Opioid Use & Car AccidentsMarch 20, 2019
Opioid abusers are found in every walk of life. That are also found driving on many of this country’s roads and highways.
More and more deadly car accidents across the United States are caused by drivers that are misusing these drugs, either with or without prescriptions.
Recent Published Studies
Accident Analysis and Prevention recently published an article by the Johns Hopkins Bloomberg School of Public Health that analyzed data from 2006 to 2017. It revealed that 10 percent of driver fatalities in the State of Maryland were partially caused by drivers that were impaired from opioid use. While this percentage has remained about the same, the national motor vehicle accident rates have been decreasing.
A second article that was published by Accident Analysis and Prevention stressed that law enforcement officials, residents, and drivers need to be aware of the prevalence of these types of crashes. Intoxicated driving from alcohol and other drugs is still a major safety concern, but opioid-related accidents should also remain a priority.
Safe driving advocates believe that these drivers should be held accountable if they cause these crashes.
A doctor from the Center for Injury Epidemiology and Prevention at Columbia University Medical Center is the co-author of a study published in Journal of the American Medical Association (JAMA) Network Open. He explained that when an individual takes prescription opioids and then drives, they have the equivalent a 0.05 percent blood alcohol content (BAC).
Vigilance is Needed
In Maryland, a 0.08 percent BAC equals driving under the influence. A 0.05 percent BAC is the level at which difficulties with concentration and coordination begin. It therefore makes sense that opioid-intoxicated drivers might exhibit some of the same driving behaviors as alcohol-intoxicated ones.
Other motorists and police should always be on the lookout for erratic drivers when they are on the roads. The JAMA article stated that a little over half of driving mistakes made by opioid-intoxicated motorists were failures to stay within their lanes. When a driver has taken opioids and also consumed alcohol, the risk of fatal car accidents is doubled.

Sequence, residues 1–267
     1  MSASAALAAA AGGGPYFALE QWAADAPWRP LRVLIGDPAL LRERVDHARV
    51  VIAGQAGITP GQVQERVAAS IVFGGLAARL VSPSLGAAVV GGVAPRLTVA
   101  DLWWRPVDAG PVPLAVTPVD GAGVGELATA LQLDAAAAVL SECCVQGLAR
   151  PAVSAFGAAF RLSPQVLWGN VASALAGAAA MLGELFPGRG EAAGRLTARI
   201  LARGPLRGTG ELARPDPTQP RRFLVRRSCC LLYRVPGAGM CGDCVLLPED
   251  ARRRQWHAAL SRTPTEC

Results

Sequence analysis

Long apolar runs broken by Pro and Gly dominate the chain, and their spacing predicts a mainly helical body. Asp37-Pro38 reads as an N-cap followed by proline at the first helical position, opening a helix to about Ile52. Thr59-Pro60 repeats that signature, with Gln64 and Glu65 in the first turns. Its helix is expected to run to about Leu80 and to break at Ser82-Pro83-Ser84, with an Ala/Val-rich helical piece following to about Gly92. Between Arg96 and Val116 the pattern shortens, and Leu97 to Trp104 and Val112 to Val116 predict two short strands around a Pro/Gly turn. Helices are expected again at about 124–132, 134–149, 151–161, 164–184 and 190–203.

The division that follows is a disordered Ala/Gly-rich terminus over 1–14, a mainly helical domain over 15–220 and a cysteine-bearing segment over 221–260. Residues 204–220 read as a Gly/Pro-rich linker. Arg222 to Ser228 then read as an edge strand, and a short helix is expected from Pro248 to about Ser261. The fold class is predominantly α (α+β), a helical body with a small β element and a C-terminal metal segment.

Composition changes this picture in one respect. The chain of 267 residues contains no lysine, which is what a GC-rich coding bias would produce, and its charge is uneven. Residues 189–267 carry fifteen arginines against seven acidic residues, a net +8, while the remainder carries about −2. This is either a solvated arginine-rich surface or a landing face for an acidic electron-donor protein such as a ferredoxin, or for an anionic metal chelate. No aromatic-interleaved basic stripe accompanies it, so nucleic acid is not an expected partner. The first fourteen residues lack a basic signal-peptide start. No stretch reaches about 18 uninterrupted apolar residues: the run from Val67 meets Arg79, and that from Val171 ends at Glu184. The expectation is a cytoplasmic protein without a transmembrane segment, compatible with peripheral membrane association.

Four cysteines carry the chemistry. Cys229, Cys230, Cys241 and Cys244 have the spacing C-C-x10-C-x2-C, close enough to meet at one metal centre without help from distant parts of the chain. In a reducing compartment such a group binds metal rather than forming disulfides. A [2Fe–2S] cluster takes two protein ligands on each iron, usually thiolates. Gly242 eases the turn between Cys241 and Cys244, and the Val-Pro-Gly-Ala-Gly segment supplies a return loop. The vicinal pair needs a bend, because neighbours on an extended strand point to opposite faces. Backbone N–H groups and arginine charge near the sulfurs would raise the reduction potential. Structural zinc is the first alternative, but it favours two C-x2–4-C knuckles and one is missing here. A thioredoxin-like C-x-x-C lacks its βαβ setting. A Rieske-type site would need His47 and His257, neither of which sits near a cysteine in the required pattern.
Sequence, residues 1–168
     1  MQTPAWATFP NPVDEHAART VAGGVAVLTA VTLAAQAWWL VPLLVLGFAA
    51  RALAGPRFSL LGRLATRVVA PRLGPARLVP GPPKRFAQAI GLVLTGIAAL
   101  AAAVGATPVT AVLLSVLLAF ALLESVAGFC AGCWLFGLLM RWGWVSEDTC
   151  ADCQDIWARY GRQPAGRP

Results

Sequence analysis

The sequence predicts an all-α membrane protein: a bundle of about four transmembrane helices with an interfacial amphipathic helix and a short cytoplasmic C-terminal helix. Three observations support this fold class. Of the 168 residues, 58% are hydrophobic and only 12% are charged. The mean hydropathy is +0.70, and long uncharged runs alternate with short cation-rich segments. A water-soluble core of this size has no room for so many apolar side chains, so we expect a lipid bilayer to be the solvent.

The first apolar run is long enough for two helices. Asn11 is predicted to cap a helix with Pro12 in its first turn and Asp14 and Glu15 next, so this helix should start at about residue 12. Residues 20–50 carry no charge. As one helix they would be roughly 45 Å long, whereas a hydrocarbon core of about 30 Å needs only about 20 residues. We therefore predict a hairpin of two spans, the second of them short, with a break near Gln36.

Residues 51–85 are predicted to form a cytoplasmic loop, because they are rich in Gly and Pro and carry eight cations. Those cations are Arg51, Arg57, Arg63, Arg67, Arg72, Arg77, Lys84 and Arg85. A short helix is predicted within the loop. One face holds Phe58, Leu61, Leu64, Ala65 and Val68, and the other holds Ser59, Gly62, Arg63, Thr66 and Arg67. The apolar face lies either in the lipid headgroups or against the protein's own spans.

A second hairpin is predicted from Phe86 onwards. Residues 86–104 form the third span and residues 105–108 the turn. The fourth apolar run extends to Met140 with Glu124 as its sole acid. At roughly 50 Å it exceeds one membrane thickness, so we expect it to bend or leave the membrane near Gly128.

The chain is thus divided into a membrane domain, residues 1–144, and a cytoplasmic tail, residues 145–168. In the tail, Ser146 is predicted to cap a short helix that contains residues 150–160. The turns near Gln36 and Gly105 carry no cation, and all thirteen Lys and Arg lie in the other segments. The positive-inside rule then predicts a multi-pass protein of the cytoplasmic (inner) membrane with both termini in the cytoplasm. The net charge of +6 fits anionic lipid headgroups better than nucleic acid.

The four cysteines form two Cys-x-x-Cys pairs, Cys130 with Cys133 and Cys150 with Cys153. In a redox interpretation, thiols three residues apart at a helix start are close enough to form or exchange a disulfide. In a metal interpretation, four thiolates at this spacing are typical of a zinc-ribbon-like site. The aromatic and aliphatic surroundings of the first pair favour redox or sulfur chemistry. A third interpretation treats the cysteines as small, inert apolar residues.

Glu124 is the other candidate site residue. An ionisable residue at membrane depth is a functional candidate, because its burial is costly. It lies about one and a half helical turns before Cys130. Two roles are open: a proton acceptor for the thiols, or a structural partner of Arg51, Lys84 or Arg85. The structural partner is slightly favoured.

The doctor also said that it is harder to test drivers for drug usage than alcohol when using field sobriety tests, largely because a breathalyzer cannot be employed. He added that some progress is being made, as certain states are working to improve their drug recognition protocols.
This could lead to better training to help law enforcement officials be able to determine if a driver is driving under the influence of opioids. The chief government affairs officer for Mothers Against Drunk Driving (MADD) said that police officers that are trained in drug detection could put this to good use at sobriety checkpoints.
It is also essential for doctors that prescribe opioids and other prescriptions to educate their patients. The possible effects of these drugs on driving abilities should be discussed; they should be considered as a risk of taking the drug, just like any other potential side effect.
Opioids can slow down reaction times, increase drowsiness, and affect the user’s judgement while driving. Physicians are in a position to explain these facts to their patients, but may not always do so when prescribing these drugs.
Baltimore Car Accident Lawyers at LeViness, Tolzman & Hamilton Represent Victims of Opioid-Use Related Car Accidents
If you have been injured by an intoxicated driver, whether that involved alcohol or drugs, prescription or illicit, the Baltimore car accident lawyers at LeViness, Tolzman & Hamilton will help you get the compensation you deserve. We will fight to maintain your rights as the victim of a car accident that was not your fault at all times. Call us at 800-547-4LAW (4529) or complete an online form for a free case evaluation today.
Our offices are located in Baltimore, Columbia, Glen Burnie, and Towson, allowing us to represent car accident victims in Maryland, including those in Anne Arundel County, Baltimore County, Carroll County, Harford County, Howard County, Montgomery County, Maryland’s Western Counties, Prince George’s County, Queen Anne’s County, Southern Maryland, and the Eastern Shore, as well as the communities of Catonsville, Essex, Halethorpe, Middle River, Rosedale, Gwynn Oak, Brooklandville, Dundalk, Pikesville, Nottingham, Windsor Mill, Lutherville, Timonium, Sparrows Point, Ridgewood, and Elkridge.